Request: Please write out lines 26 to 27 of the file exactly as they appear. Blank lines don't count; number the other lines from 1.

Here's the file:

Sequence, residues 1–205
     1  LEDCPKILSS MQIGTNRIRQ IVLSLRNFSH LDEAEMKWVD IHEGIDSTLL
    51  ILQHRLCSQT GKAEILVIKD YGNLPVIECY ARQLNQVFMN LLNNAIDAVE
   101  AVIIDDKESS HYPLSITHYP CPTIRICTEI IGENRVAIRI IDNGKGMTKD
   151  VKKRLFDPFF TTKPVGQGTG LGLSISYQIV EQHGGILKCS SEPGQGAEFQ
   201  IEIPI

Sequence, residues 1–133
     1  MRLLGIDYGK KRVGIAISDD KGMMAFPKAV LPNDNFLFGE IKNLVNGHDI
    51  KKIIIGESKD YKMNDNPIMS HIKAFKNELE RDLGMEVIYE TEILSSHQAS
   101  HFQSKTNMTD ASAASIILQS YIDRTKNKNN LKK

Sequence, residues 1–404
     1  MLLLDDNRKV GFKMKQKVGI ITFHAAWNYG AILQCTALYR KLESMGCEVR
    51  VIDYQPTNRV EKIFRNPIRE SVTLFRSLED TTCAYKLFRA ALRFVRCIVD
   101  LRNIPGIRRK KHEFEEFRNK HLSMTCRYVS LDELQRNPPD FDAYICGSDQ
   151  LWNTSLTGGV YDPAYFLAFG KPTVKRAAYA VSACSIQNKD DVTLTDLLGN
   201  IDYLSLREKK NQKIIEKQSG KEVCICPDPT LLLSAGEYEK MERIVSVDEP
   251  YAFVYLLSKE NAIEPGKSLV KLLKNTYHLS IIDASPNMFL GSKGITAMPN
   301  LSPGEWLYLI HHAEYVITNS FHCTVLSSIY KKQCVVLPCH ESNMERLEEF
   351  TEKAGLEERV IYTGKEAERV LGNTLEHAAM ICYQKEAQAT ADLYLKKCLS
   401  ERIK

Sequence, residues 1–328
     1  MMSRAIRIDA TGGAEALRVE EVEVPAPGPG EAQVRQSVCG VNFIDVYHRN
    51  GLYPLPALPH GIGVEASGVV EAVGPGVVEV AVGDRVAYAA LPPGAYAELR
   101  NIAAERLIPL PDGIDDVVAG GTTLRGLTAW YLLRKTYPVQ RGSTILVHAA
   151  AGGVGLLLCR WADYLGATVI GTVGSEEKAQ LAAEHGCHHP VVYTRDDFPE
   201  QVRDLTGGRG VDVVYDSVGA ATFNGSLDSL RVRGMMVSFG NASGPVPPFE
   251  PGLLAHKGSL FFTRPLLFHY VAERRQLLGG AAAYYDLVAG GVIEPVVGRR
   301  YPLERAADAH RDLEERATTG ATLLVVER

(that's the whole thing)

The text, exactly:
   201  QVRDLTGGRG VDVVYDSVGA ATFNGSLDSL RVRGMMVSFG NASGPVPPFE
   251  PGLLAHKGSL FFTRPLLFHY VAERRQLLGG AAAYYDLVAG GVIEPVVGRR